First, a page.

string(104) " electrode which is subsequent stripping of these metals allows the quantification of these metal ions\." INTRODUCTION Recent studies have shown a rise in the level of heavy metal in the human body and the everyday environment. These finding have increased the importance of heavy metal analysis which have become a major task in areas such as toxicological, epidemiological and environmental research. Trace metal analysis has a wide range of applications these include medical diagnostics, medical device implantation, and pharmaceutical and food analysis etc. We will write a custom essay sample on Determination of traces of heavy metal using anodic stripping voltammetry or any similar topic only for you Order Now In terms of environmental research, pollutants or just the general level of trace heavy metal may be quantified. In a society in which the effects climate change becomes more apparent it is important to be able to monitor and thereby control environmental pollution so as to find way to improve it as well as maintain of ecological balance. There are many well-established analytical methods that are available for detecting, measuring, and monitoring heavy metals. Many of the analytical methods are used for detection in environmental samples .Detection in environmental samples is different to that of laboratory samples in that concentration of element in environmental sample may fluctuate with certain samples having very lower concentrations. Subsequently the need for improvement of analysis technique that are able to detect at lower detection limits is continually sort after so as to obtain more precise results. 1. Trace metal analysis techniques Types of detection method Atomic absorption spectrometry (AAS): This method of analysis determines the elemental composition of a sample via the absorption of light to measure the concentration of gas-phase atoms. It uses lamps whose core is made of the element. The light source is a lamp with a core made of the analyte of interest, this gives off light that is associated with the element and the sample absorbs this light. The analyte atoms in the sample are vaporized in a furnace and transition to higher electronic energy levels when light is absorbed. The concentration of the specific analyte is dependent on the amount of light absorption. Concentration measurements are determined by a working curve after calibrating the instrument with standards of known concentration. AAS is highly specific therefore each element has to be tested separately, this can be a disadvantage when trying to analyse a mixture, as different lamps must be used when measuring different elements. Another disadvantage to this technique is that the samples must be in solution, or at least volatile in order to be measured. There are a large number of factors that may interfere with measurement these include formation of non-volatile compounds and smoke formation which will absorb light, giving this method a relatively low level precision in comparison to other methods. Voltammetry: This studies the behaviour of analytes via the measurement of the potential and current of a sample or cell containing the analyte. There are different categories of voltammetry these include Polarography voltammetry – This process uses DME to produce reproducible effective electrode as a function of time. Linear sweep voltammetry- This process enables pre and post electron transfer reactions to be observed. The potential is linearly increased and the potential range is scanned between the initial potential and final potential Cyclic voltammetry- This is an extension of the linear sweep analysis where by the voltage scan is reversed once maximum current is reach as the as reduction of the analyte would have completed. Anodic stripping voltammetry- determines the specific ionic species by deposition of the analyte and stripping resulting in a redox reaction. The oxidised species registers as a peak Differential pulse voltammetry- Potentiometry: based on measurement of potential of an electrode system consisting of two electrodes, potentiometer and sample containing analyte of interest. This method is advantageous as it can detect ions in presence of whole host of other Substances. The desire for more accurate result had major challenges as developers had to development new analytical methods and improvement of existing methods. In particular, the introduction of powerful modes of atomic absorption spectrometry such as the graphite furnace other newly established analysis techniques include neutron activation Graphite furnace atomic absorption spectrometry (GFAAS): Atoms absorb light at particular frequencies depending on the characteristic of the element. The amount of light absorbed may be linearly correlated to the concentration of the analyte and can thereby be quantified. Samples are deposited into small graphite tube which is subsequently heated to vaporize and atomize the analyte. Neutron Activation: A sample is subjected to a neutron flux and radioactive nuclides are produced. As these radioactive nuclides decay, they emit gamma rays whose energies are characteristic for each nuclide. Comparison of the intensity of these gamma rays with those emitted by a standard permit a quantitative measure of the concentrations of the various nuclides. 1.1 Back ground and history of mercury The dropping mercury electrode was invented in 1922 by Jaroslav Heyrovsky and was the foundation of electroanalytical voltammetry techniques via the development of the first linear sweep voltammetry method of polarography. In the year following between 1947 and 1959 voltammetry at stationary were developed. Electrolysis is the process by which ionic substances are decomposed (broken down) into simpler substances when an electric current is passed through them. In order for electrolysis to occur mass transfer is required between the electrode .Michael Faraday’s Second Law of Electrolysis was established in 1934 and states that â€Å"If the same quantity of electricity (electric charge) is passed through different electrolytes, the mass of a substance librated or deposited altered at an electrode is directly proportional to their chemical equivalents†. This law recognized the quantitative relationshipbetween current and equivalents of elements. The ficks law of diffusion formulae verified this quantitative relationship which enabled In recent years, mercury electrodes were still widely used in the detection of heavy metals by anodic stripping analysis due to its unique features. Heavy metal ions are reversibly reduced to form amalgams with the thin film of mercury on the electrode surface. The mercury film electrode is formed by electrodeposition onto an electrode which is subsequent stripping of these metals allows the quantification of these metal ions. You read "Determination of traces of heavy metal using anodic stripping voltammetry" in category "Essay examples" Mercury is an important electrode in terms of cathodic process study. Due to its low boiling point mercury as an electrode can be used in many forms these include dropping, streaming and pool configuration. 1.2.1 Types of mercury electrodes There are different types of mercury electrode these are as follows – Dropping mercury electrode: This working electrode is usually associated with the voltammetric technique polarography used for environmental analysis, especially for marine study.DME is made from 10-20 cm of glassy capillary tubes with internal diameter of 0.05mm. These dimensions and specification is chose to increase efficiency of the electrode. For example the length of the capillary tubes provides enough static head space to provide a drop time of 3-10 s. There are a number of variations of DME. The vertical orifice capillary has a capillary bent at 90 degrees and removes effect of maxim and depletion where as the Teflon DME is made specifically for use in solution. The reproducibility and vast knowledge about literature make this one of the best electrode for use in electrochemical analysis. Mercury film electrode: a mercury film is formed on an electrode substrate for example glassy carbon, carbon paste and pencil-lead etc. During voltammetric analysis mercury film forms an amalgam with the analyte of interest, which upon oxidation results in a sharp peak, improving resolution between analytes. Hanging mercury drop electrode (HMDE): this is very similar to the DME however HDME produces partial mercury drop of controlled geometry and surface area at the end of a capillary where as DME steadily releases drops of mercury during an experiments. HDME is used for voltammetric techniques requiring stationary electrodes. Mercury-plated electrodes: mercury is electroplated onto a solid electrode. Mercury forms a film or an assembly of micro droplets depending on the substrate on which it is plated. Electrode substrates Types of electrode substrate Glassy carbon electrodes: Produced by placing a thick sheet of glassy carbon into a glassy tube with epoxy cement. The surface of the electrode is then polished until it becomes smooth. Carbon paste electrodes: made by the mixture of graphite and nujol until it develops the consistency of a paste. Carbon cloth electrode: carbon cloth have voltage ranges similar to that of carbon electrode The process of formation is by heating woven hydrocarbon polymer fabric to high temperatures. Platinum electrodes: This involves the use of a fine powder known as platinum black placed on solid platinum. Gold electrode: With the ability to be made into different forms i.e. rods, disc etc it is one of the most commonly used electrodes. Indium tin oxide electrode: transparent electrode generally used for Spectra electrochemical measurement In this case glassy carbon will be used as our electrode substrate, this is because of the many advantage glassy carbon has as an electrode substrate. Glassy carbon has good conductivity, low electrical resistance, thermal expansion coefficient is small, hard texture, good gas tightness, a wide scope of application of electric potential (from about -1 ~ 1V), chemical stability, can be made of cylindrical, disc, etc. These properties make it ideal for use in voltammetric analysis as it allow the flow of current in a controlled way and facilitate the transfer of charge to and from the analyte electrode shape, use it as a matrix can also be made of mercury film glassy carbon electrode and chemically modified electrodes. In the electrochemical experiments or electroanalytical chemistry has been increasing wide range of applications. Advantages and disadvantages of mercury electrodes The mercury film forms Mercury as an electrode is advantageous for many reasons these include its ability to release the contaminated drop and grow a clean drop between each experiment unlike solid electrodes which are required to cleaned and undergo a polishing step in order to prevent contamination of the electrode. This also means the electrode is independent of its past history. Metal ions can be deposited from acidic solutions thought thermodynamic state this is impossible without the formation of hydrogen which causes overvoltage which is associated with the reduction of hydrogen ions. Mercury however has a few limitations, one of which is its ease in oxidation, this causes a limitation in the range of anodic potentials used. When dealing with potential greater than + 0.4 V mercury (I) is formed causing a wave that masks the curve of other oxidized species. This occurs at lower potentials in the presence of precipitating ion or mercury (I) complexes. However the single greate st danger mercury poses as an electrode is its high level of toxicity. Mercury as a compound must be handled carefully, since its toxicity has very serious implications for the health and the environment. Mercury has a major impact on the environment due to its ability to progressively build up in successive trophic levels as well as along the food chain by a process of biomagnification. Over time this build up migrate across both biotic (other organisms) and abiotic (soil, air, and water) sources. At the top levels of the aquatic food web are fish-eating species, such as humans, seabirds, seals etc .In a study performed by the environmental protection agency US of fur-bearing animals in Wisconsin, the species with the highest tissue levels of mercury were otter and mink, which are top mammalian predators in the aquatic food chain. Top avian predators of aquatic food chains include osprey and bald eagle. Thus, mercury is shown transferred and accumulated through several food web levels. Aquatic food webs tend to have more levels than terrestrial webs, where wildlife predators rarely feed on each other, and therefore the aquatic biomagnification typically reaches higher values .In terms of health hazard mercury exposure may result in severe neurological effects, symptoms include convulsions, fits, and highly erratic movements. This was seen in Minamata, Japan, from about 1950-1952 where birds experienced severe difficulties in flying as well as domestic animals, especially cats whose diets were high in seafood exhibiting abnormal behaviour. This exposure was caused by the release of methyl mercury in the industrial wastewater from the Chisso Corporation’s chemical factory, which continued from 1932 to 1968. Chemically modified electrodes The ability of an electrode can be increased by means of chemical modification through the addition of atoms, molecules or nano particles to the surface of the bare electrode increasing its functionality over a wide range. Due to the many disadvantages mercury poses as an electrode, potential replacements for mercury are continually sought. The introduction of bismuth as an alternative has many significant advantages. It has been demonstrated that Bi is a good alternative since it is less toxic and easy to handle. The abilities of bismuth as an electrode are comparable to that of mercury and are attributed Thin Bi film is thus a good substitute candidate for the detection of heavy metals. Bi will be deposited onto the surface of a glassy carbon electrode (GCE) using electrodeposition thereby causing heavy metal ions to form an amalgam with Bi. ASV will be used to determine the concentration of heavy metals. The method by which bismuth is coated on to a electrode plays a huge part in its potential as an electrode. There three main methods by which bismuth may be coated onto an electrode. Ex-situ plating: This process involves the bismuth ions in a solution being moved toward the working electrode which in this case is glassy carbon, by an electric field form by passing a current through the electrode there by forming a bismuth film on the electrode. The coated electrode can then be transferred into a sample containing the analyte to be quantified. For the best formation of the film bismuth must be pre-plated in a low ph condition this is because bismuth has a tendency to hydrolyse when in alkaline conditions dues to the presence of water molecule splitting. Acidic conditions catalyse this polymer degradation. Figure The molecular structure of bismuth nitrate pent hydrate In-situ plating: In this process the bismuth film is coats the electrode while the analysis process take s place. It should be noted however in order to do this the concentration of bismuth must exceed that of the analyte of interest. This is because of the possibility of interference due to saturation effects. The method of coating the electrode is superior in that it reduces experimental time as coating and analysis is done simultaneously however this method can only be performed by anodic stripping as it requires a preconcentration step. In this sense this method is not as versatile as ex-situ plating which can use any analysis method to analyse sample. Bismuth pre-cursor: A bismuth precursor can be used to modify an electrode if potential of about -0.1 V is applied onto an electrode resulting in the formation of metallic bismuth. Bi2O3(s) +3H2O+6e–2Bi(s) + 6OH– Fig The reduction reaction that takes place at the electrode between the electrode and bismuth precursor This method is usually prolific with carbon paste electrodes as it eliminates the need to use anodic stripping to form the film as well as a preplating step before for analysis of sample can take place. Bismuth modified electrode are physically and chemically stable therefore it retains its useful properties in the presence of air, moisture or heat, and under the expected conditions of application.Thus facilitate numerous measurement in different solutions without destroying the film once the electrode is coated with bismuth. This stability can be achieved by the addition of bromide ions (via sodium bromide) to the bismuth solution during the preplating stage of modification. The functionalization of conducting substrates is widely used in electroanalysis in order to confer both selectivity and sensitivity. Ion-exchange membranes are interesting materials for this purpose. Nafion will be drop casted on GCE and then positively charged ions will be incorporated within the negatively charged Nafion film. The application of suitable reduction potential allows the ions to be reduced to their metallic states. ASV will then be employed for the stripping and quantification of these ions. Cu, Zn, and Pb will be the heavy metals ions that will be examined. – chemically modified electrodes (plenty of paper in literature), then Nafion (its uses, applications and so on†¦) Electrochemistry HERE YOU CAM IMPROVE. PLEASE DESCRIBE CYCLIC VOLTAMMETRY AND WHY WE USED differential pulse voltammetry for the quantification of heavy metals Electrochemistry is associated with the analysis of chemical reactions in a solution at the boundary of an electron conductor and ionic conductors where transfer of electrons between the electrode and electrolyte take place. This electron transfer is a mechanistic description of the thermodynamic concept of redox, in which the oxidation states of both reaction partners. In general, electrochemistry deals with situations where cations transfer across from a solution –electrode interface via reaction with electrons within the interface. Anions are also transformed within this interface to produce electron, this is all through a series of oxidation and reduction reactions resulting in electrons moving from the anode connected by an external electric circuit to the cathode as a current which is carried by the ions of the supporting electrolyte. The solubility and stability of sample determines which solvent system should be used. Once this is determined compatible supporting electrolyte can be used without causing interference with the oxidation-reduction reaction. Cyclic voltammetry It enables the electrode potential to be rapidly scanned in search of redox couples. Once located, a couple can then be characterized from the potentials of peaks on the cyclic voltammogram and from changes caused by variation of the scan rate. Differential pulse voltammetry Electrochemistry has found extensive applications for the study of chemical reactions. Anodic stripping voltammetry This method of analysis which quantitatively determines the specific ionic species; the analyte of interest is electroplated on the working electrode through a deposition step. During a stripping stage the analyte is oxidised and the current is measured. The oxidation of elemental species is registered as peaks in the current signal at the potential at which the species is being oxidised. The stripping may either be linear, square, wave etc in the case of this experiment it is pulse and cyclic. Four steps of anodic stripping Cleaning: the potential is held at a oxidize state greater than that of the analyte for a period of time to remove it from the electrode. Potential held at a lower potential: The potential of the system is held sufficiently low enough to reduce the analyte and deposit it on the electrode. Deposited material spread evenly on electrode: If solid inert electrode is used this step is not needed. Working electrode is raised to a higher potential and stripping (oxidization) of the analyte as analyte is oxidised it emits electrons which are measured as current. – Reference electrode is an electrode with potential which is a) independentof analyte (or other) ions in solution; b)Independent of temperature.In case of figure 2, the electrode sensitive to hydrogen ions is an indicator electrode. Potentialof an indicator electrode depends mainly on the concentration of the analyte ions (in this case hydrogen ions). 2. Experimental determination of trace metals in the Samples 2.1. Apparatus In these experiments, a glassy carbon electrode (GCE) of 3-mm diameter was used as the working electrode with an Ag/AgCl reference electrode and a platinum counter electrode. The glassy carbon electrode was polished with alumina powder (0.3 and 05 alpha) and polishing pad. These three electrodes are used in conjunction with an ivium biopotentiostat which was interfaced with a personal computer. A conventional three-electrode cell arrangement was used for voltammetric measurements. Differential Pulse Stripping Voltammetry was performed anodically to detect trace metals. Experiment was performed at room temperature (22? C ±1) 2.2. Reagents All chemicals used in this study were of analytical reagent grade and used without further purification. Bismuth (II) nitrate pentahydry, sodium bromide, potassium hexcyanoferrate(II), copper(II)nitrate hydrate, lead(II)nitrate, hexaammineruthenium(III)chloride, iron(II)nitrate Methanol and zinc nitrate hexahydrate standard stock solutions (1000 mg/L, atomic absorption standard solution) were obtained from sigma-Aldrich. Potassium hexcyanoferrate (II) and hexaammineruthenium (III) chloride are redox mediators.0.1 M acetate buffer (pH 4.65) also obtained from sigma-Aldrich was used as supporting electrolyte. Glassy carbon was supplied by sigma-Aldrich and deionised water (18 M? cm) was used throughout. Nafion ®117 polymer from sigma-Aldrich and Bismuth (II) nitrate pentahydry was used to produce electrode films. All chemicals used in the experiment are for research and development purposes. 2.3. Electrode preparation 2.3.1 Cleaning and Setting up the GCE This involves the glassy carbon surface being polished with micro-sized abrasives in order to expose a new surface. A plastic Petri dish is prepared and a polishing pad placed into the dish. A few grams of 0.3 alpha alumina powder was placed onto the polishing pad and a solution was made by the addition of deionised water. The GCE was held at right angle to the pad, and polished in a circular motion until the GCE looked like a mirror surface. The electrode was rinsed with distilled water and air dried. Ex-situ preparation of bismuth film electrode The ex-situ bismuth film electrode was prepared by deposition of metallic bismuth onto a glassy carbon substrate electrode from 0.1M acetate buffer solution (ph 4.65) containing 100mg/L bismuth (II) nitrate pentahydry by applying a potential of -1.0V for 5mins with the biopotentiostat while the solution was stirred. Bismuth film electrode in the presence of bromide ions (sodium bromide) was prepared similarly from 0.1 M acetate buffer solution (ph 4.5) containing 50mg/L bismuth (II) and 50mg/L sodium bromide by applying a potential of 0.3V for 60s. This electrode was then transfer into a sample to analyse the analyte of interest. 2.4. Procedure Setting up the ivium biopotentiostat The ivium biopotentiostat, the computer CPU and the computer monitor are turn on at the mains. The computer is manually turned by pressing the on button on the CPU, after which the monitor will display a login screen. Once logged in the ivium soft icon on the desktop was double clicked to open the program. The parameters for the ivium biopotentiostat must be set. These settings change dependent on which method is being used. For example Differential pulse stripping voltammetry was used to quantify amount of copper in a 1 mM solution of potassium nitrate in deionised water by the following method. Click on Method and under the list of electroanalysis select Differential Pulse Stripping Voltammetry. In the Parameter Box, set the E start (V) = -0.35 and the E end (V) = 0.6 (the potential range within which the analyte is determined), Current Range =100mA, Pulse time (ms) =10, Pulse amplitude (mV) =10, E step (mV) =25, Scan rate (V/s) =0.05 and the pre-treatment Time (sec) = 300. Cyclic voltammetry was used to analyse the affect of scan rate by increasing the scan rate on Nafion modified GCE in a1mM solution of potassium nitrate in 0.1 M acetate buffer at ph 4.65 at different scan -rates : Click on Method and under the list of cyclic voltammetry select standard. In the Parameter Box, set the E start (V) = -0.4, Vertex 1(V) =0.7, Vertex 2(V) =-0.4, Current Range =1mA, E step (mV) =10 and Scan rate (V/s) =0.1. Once the settings were selected and the electrodes were connected the system was run by selecting start. The run is completed when the graph appears on the screen and the computer makes a beeping sound. The graph of results was then analysed. Preparation of a 1.0 mM Potassium chloride solution To prepare a solution of 1.0 mM potassium nitrate approximately 0.0046 g of potassium nitrate was weigh out in a clean dry weighing boat using a balance and placed into a 50 ml beaker. Solution is made up by dilution to a volume of 15ml with deionised water and mix well until the potassium chloride dissolves. Preparation of a 1.0 mM Potassium chloride and hexaamineruthenine solution To prepare a solution of 1.0 mM potassium nitrate and hexaamineruthenine approximately 0.0046 g of potassium nitrate and 0.111g of hexaamineruthenine was weigh out in a clean dry weighing boat using a balance and placed into a 50 ml beaker. Solution is made up by dilution to a volume of 15ml with deionised water and mix well until the potassium Cyclic voltammetry calculations for the effect of scan rate The cyclic voltammogram is characterized by the peak potential Ep, at which the current reaches a maximum value and by the value of the current ip. When the reduction process is reversible, the peak current is again given by the relation – Ip = 0.4463 nFA (Da) 1/2Cb – (1) With a= = at 25?C – (2) This relation results from the set of differential equations for fick’s law of diffusion. In term of adjustable parameters the peak current is given by the Randle-Sevcik equation. This equation describes the effect of scan rate on the peak current ip. The equation is given by- Ip= 2.69 ?105n3/2AD1/2Cbv1/2at 25?C– (3) Figure Cyclic voltammogram where ipc and ipa show the peak cathodic and anodic current respectively for a reversible reaction. RESULTS AND DISCUSSION Effects of scan rate The effects of Scan rate was examined by increasing the scan rate from 50mV/s to 1000mV/s for a 1 mM solution of potassium chloride + hexaamineruthenine in deionised water. As the scan rate increased the current increased The 2,4-DNPHMCPE showed increase in the peak current with increase in scan rate Figure Cyclic voltammetry of GCE in 1 mM solution of potassium chloride + hexaamineruthenine in deionised water at different scan -rates a) 1000 mV/s b) 750mV/s c)400 mV/s d)100mv/s e)50mV/s Figure Cyclic voltammetry of Nafion modified GCE in a 1 mM solution of potassium chloride + hexaamineruthenine in deionised water at different scan -rates a) 1000 mV/s b) 750mV/s c)400 mV/s d)100mv/s e)50mV/s Nafion after(04/02/2011) Figure Cyclic voltammetry of Nafion modified GCE in a 1 mM solution of potassium chloride + hexaamineruthenine in deionised water at different scan -rates a) 750 mV/s b) 400mV/s c)200 mV/s d)100mv/s e)50mV/s f)20mV/s Bismuth in acetate baseline Figure Differential pulse voltammetry of bismuth modified GCE in a 0.1 M solution of acetate buffer at ph 4.65 with different concentrations of lead. a) 120 µL b) 100 µL c) 80 µLd) 40 µL Figure Differential pulse voltammetry of bismuth modified GCE in a 0.1 M solution of acetate buffer at ph 4.65 with different concentrations of zinc. a) 400 µL b) 300 µL c) 200 µLd) 150 µL e) 100 µL Figure Differential pulse voltammetry of bismuth modified GCE in a 0.1 M solution of acetate buffer at ph 4.65 with different concentrations of zinc. a) 600 µL b) 500 µL Figure Differential pulse voltammetry of bismuth modified GCE in a 0.1 M solution of acetate buffer at ph 4.65 with different concentrations of lead. a) 120 µL b) 100 µL c) 80 µLd) 40 µL Figure Differential pulse voltammetry of GCE in a 1mM solution of potassium nitrate and deionised water different concentrations of copper (II) nitrate added. a) 750 µL b) 450 µL c) 150 µL Figure Differential pulse voltammetry Nafion modified of GCE in a 1mM solution of potassium nitrate and deionised water with different concentrations of copper (II) nitrate additions. a) 650 µL b) 450 µL c) 150 µL Figure Differential pulse voltammetry of bismuth modified GCE in a 0.1 M solution of acetate buffer at ph 4.65 with different concentrations of lead. a) 120 µL b) 100 µL c) 80 µLd) 40 µL Figure Differential pulse voltammetry of bismuth modified GCE in a 0.1 M solution of acetate buffer at ph 4.65 with different concentrations of lead. a) 120 µL b) 100 µL c) 80 µLd) 40 µL Figure cyclic voltammetry of Nafion modified GCE in a1mM solution of iron (II) in 0.1 acetate buffer at ph 4.65 at different scan -rates. a) 100mV/s b) 50mV/s c) 20mV/s Figure cyclic voltammetry of Nafion modified GCE in a1mM solution of potassium nitrate in 0.1 M acetate buffer at ph 4.65 at different scan -rates. a) 100mV/s b) 50mV/s c) 20mV/s Conclusion ASA = Anodic stripping voltammetry AAS = Atomic absorption spectrometry Bi = Bismuth DME = Drop mercury electrode Reference Electrode kinetics: principles and methodology By C. H. Bamford, R. G. Compton Fundamentals of analytical chemistry, eighth edition Electrochemistry for chemists How to cite Determination of traces of heavy metal using anodic stripping voltammetry, Essay examples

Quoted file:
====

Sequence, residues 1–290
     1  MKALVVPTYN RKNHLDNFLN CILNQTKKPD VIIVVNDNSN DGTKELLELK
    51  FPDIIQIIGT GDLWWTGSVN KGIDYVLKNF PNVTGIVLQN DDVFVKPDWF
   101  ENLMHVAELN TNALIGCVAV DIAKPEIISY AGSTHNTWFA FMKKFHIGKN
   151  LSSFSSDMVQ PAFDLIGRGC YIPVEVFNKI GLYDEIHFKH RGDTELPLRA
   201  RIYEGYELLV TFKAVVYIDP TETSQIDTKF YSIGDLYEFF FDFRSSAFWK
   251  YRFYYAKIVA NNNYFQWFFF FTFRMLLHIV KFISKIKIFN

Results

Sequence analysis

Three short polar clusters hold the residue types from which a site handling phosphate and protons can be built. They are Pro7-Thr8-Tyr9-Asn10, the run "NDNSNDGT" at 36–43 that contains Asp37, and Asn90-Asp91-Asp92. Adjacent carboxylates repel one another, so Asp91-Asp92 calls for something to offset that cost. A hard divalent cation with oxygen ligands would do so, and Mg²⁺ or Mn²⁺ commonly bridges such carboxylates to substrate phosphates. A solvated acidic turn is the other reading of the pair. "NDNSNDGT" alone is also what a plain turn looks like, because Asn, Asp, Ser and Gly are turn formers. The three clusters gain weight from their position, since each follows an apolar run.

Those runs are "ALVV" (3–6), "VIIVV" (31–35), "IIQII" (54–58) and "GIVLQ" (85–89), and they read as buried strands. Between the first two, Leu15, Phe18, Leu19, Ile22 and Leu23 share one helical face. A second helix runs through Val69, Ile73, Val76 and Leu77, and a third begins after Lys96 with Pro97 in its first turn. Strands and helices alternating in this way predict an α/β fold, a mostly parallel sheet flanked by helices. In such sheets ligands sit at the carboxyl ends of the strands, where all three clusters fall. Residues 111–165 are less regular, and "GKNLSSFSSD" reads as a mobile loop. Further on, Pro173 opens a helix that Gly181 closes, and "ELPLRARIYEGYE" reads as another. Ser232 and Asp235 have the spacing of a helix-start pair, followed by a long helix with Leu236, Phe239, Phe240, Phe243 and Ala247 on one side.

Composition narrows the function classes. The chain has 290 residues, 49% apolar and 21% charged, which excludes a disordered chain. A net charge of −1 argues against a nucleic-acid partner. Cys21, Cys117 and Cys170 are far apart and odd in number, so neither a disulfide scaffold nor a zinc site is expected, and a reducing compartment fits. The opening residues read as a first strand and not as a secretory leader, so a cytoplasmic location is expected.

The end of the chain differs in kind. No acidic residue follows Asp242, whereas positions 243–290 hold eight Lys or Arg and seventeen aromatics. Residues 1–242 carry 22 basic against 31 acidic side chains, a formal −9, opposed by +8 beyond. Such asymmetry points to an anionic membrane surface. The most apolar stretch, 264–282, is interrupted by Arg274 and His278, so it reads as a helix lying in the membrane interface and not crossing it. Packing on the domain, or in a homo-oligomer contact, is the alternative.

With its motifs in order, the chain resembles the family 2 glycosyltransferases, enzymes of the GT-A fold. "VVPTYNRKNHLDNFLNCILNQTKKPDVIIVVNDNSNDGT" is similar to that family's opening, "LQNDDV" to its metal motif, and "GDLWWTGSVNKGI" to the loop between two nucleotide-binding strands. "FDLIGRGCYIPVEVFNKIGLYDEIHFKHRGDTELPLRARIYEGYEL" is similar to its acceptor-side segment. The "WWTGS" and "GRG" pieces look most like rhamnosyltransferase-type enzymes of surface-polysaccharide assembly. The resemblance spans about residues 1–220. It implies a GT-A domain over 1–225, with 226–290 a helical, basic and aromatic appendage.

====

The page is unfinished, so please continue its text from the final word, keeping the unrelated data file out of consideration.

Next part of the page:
Tuesday, May 5, 2020